10. trying to stuff two tons of fertilizer into a quarter-ton pickup

10. Trying to stuff two tons of fertilizer into a quarter-ton pick up

When I got back to Florida, I stepped into a whirlwind. Not a dust devil or the dilemma of dealing with too many miles. This was a whirlwind of change – figuring out “what to leave in, what to leave out” – how to downsize from a three bedroom, two bath house with an oversized double garage and outbuilding, into a 280 SF of RV. Obviously, this was going to require getting rid of stuff – lots of stuff. I’d lived in an RV for 10 of the last 15 years, but for those 10 years in an RV I also had extra storage. For several years, I had used part of a friend’s storage shed, then I leased an RV lot in SE NM that included a large storage shed and a second building referred to as a casita (little house) where I kept all my books, a couch, desk, chair… You get the idea. Then three years ago, I sold the RV lot and RV and bought the house. Which I began to fill up. I never acquired as much “stuff” as most folks (friends referred to my home as “Spartan”) but I clearly added to my stash.

I enjoy living small and having to deal with less. But moving from way too much to only what I need and/or truly cherish is no small chore. The furniture and clothes were not hard to part with. But after the first large purge, I was facing piles and piles of perfectly good stuff that I could/would/may use. Good stuff, much of it small stuff, stuff I have no room for. Trivial examples – I had three bottles of dish washing soap. Under the kitchen sink in the RV there is room for one. Period. There were many bottles of spices – good ones that I might use one day. But I don’t cook much, if ever. And then there was all that Tupperware, the baking pans. But my nemesis is paper – books, photos, my writing, personal business… Things I have yet to work through. Gratefully, a friend offered me space in an empty room in an empty house, and I randomly stuffed stuff there, in order to get out of the house in time for closing. Delaying for now the pain and frustration of dealing with these last layers of minutiae. I promise myself to complete the purge by Christmas. This Christmas.

And now I’m happily ensconced in my 280 SF travel trailer, parked near the water. Misty loves chasing her ball across pine cones and hiding in the palmetto. We’ve watched osprey feeding near the RV, a raccoon washing breakfast from a log over the bayou, and a great blue heron hunched on a gnarled piece of drift wood. We studied bear scat and an as-yet-unidentified squashed snake.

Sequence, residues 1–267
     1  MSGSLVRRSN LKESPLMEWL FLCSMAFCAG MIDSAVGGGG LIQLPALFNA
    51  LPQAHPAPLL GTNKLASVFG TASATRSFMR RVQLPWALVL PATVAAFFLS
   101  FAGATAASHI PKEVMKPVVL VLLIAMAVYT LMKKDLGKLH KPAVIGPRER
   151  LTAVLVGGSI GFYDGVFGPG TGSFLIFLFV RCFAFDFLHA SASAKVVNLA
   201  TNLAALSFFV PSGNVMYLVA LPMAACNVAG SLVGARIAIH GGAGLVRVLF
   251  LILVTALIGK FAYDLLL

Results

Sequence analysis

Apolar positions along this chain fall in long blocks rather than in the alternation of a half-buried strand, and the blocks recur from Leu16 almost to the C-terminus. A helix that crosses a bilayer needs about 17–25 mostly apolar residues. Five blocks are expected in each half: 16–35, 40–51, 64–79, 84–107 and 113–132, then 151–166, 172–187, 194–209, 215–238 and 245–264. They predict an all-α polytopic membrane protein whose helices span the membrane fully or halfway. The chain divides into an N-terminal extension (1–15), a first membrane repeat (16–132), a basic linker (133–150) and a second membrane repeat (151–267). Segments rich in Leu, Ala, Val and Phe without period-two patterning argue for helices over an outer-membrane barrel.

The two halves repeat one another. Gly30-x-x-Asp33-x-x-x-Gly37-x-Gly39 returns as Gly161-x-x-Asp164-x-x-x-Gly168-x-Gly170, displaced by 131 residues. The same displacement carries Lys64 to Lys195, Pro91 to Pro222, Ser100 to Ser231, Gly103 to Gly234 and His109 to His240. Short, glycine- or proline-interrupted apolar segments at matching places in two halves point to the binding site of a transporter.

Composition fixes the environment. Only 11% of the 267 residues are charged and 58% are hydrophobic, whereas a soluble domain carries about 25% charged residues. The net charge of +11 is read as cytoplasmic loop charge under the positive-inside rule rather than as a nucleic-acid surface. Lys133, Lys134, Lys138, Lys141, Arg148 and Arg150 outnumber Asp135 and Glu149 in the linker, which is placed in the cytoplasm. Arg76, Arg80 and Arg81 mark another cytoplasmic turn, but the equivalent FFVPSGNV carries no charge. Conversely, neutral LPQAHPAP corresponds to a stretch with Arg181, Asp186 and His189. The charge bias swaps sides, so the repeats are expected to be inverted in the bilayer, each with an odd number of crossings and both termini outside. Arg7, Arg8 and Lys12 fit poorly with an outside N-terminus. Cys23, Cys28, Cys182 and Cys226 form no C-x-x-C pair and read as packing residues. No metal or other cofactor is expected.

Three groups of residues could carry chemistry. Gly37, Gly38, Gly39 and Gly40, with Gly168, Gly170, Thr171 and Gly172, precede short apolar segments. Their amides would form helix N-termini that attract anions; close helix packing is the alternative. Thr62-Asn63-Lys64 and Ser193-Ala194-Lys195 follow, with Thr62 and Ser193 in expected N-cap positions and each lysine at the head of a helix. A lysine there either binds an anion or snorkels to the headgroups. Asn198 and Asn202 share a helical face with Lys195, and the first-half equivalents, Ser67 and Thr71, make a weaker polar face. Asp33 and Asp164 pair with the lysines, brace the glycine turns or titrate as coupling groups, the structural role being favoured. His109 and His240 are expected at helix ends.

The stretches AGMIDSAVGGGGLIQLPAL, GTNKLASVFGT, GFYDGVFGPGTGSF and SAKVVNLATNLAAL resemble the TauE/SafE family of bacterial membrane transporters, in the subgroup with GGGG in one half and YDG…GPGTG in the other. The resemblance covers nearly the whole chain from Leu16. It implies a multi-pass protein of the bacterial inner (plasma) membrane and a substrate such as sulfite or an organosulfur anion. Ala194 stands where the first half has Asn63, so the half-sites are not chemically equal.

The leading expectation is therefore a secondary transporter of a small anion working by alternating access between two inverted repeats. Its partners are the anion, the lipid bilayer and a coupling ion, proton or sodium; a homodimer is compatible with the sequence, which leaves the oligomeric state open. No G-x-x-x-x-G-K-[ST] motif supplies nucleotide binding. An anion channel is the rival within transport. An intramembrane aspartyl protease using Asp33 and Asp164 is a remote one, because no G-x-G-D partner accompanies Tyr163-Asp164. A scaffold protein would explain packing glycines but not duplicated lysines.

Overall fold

I’ll stay in the area for most of the school year. In the mornings, I write or otherwise deal with life. I keep my granddaughter in the afternoons and thoroughly enjoy my job as taxi, homework monitor, and maker of snacks. Now that my house is again on wheels, I’ll hook up and make short trips during the school year and then spend the summers out West.

The Bible explains that we “see through a glass darkly.” But lately I’ve noticed that my glass has gotten a bit darker. Ah, another sign of aging. I’ll have the first cataract removed next week and the second a month later. It’s only been in recent history that we’ve had the privilege of science improving aging eyes, and it is a privilege available in limited locations in the world. Without cataract surgery, I would finally become an old woman who can’t see to drive – I’d lose one of my most favored senses and loved activities. I look forward to the doctor changing out the “glass darkly” in my eyes. I’ll remain an old woman, but one who drives a big pickup and loves to ride her motorcycle.

Misty in the backyard of the house

Misty in the backyard of the house

fog across the Bay, live oaks and palmettos

fog across the Bay, live oaks and palmettos

another incredible sunset across the Bay

another incredible sunset across the Bay

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4 Responses to 10. trying to stuff two tons of fertilizer into a quarter-ton pickup

  1. Betty Jackson Young says:

    Laura delighted to resume contact. Congratulations on your book. I knew it sould be published. With diminishing eyesight, plan to read it on my Kindle. You have ceertainly explored the country in a very unorthodox way. I envy your travels. I am well into my ’80’s and enscounced in a continuing care community supported by the University of Florida in Gainesville. I look forward to your next posting, Betty


  2. Molly Baker says:

    Laura, nice catching up with you via your blog 🙂 You’ll be amazed at the difference cataract surgery will make in your vision. For me, it was mostly seeing white and colors restored to brillance!
    Are you scheduled to be on radio or TV? An interview, maybe? We’re hoping we’ve not missed it already.
    You now have my email, so I hope to hear from you.
    PS I’ve really enjoyed reading your book again.

  3. Jan Pudlow says:

    Hi, Laura:

    I am going through my own purging. . . the accumulation of too much stuff of living in the same cottage for 33 years. Moving next door to our new place on the land and trying to bring with me only those things that are extremely useful or beautiful. Everything else goes to the garage sale and/or charity. This is hard stuff for a recovering shopaholic. Thanks for the inspiration. Glad you are doing well.

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